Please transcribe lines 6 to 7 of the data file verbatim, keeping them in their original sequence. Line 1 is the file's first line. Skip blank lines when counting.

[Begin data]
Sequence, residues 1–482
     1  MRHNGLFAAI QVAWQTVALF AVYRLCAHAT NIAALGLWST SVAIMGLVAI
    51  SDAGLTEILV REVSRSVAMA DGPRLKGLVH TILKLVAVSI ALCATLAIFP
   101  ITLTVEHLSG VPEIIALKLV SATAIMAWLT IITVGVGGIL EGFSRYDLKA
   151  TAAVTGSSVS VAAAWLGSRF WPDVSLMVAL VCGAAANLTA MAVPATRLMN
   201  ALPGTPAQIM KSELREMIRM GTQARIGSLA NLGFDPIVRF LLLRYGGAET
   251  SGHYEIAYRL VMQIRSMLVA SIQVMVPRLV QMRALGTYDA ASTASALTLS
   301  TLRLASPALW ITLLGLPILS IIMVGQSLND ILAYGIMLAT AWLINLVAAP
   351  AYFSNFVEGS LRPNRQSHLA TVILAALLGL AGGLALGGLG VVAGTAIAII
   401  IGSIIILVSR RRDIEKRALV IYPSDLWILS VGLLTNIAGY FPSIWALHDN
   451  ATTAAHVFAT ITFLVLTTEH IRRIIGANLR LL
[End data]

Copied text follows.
   201  ALPGTPAQIM KSELREMIRM GTQARIGSLA NLGFDPIVRF LLLRYGGAET
   251  SGHYEIAYRL VMQIRSMLVA SIQVMVPRLV QMRALGTYDA ASTASALTLS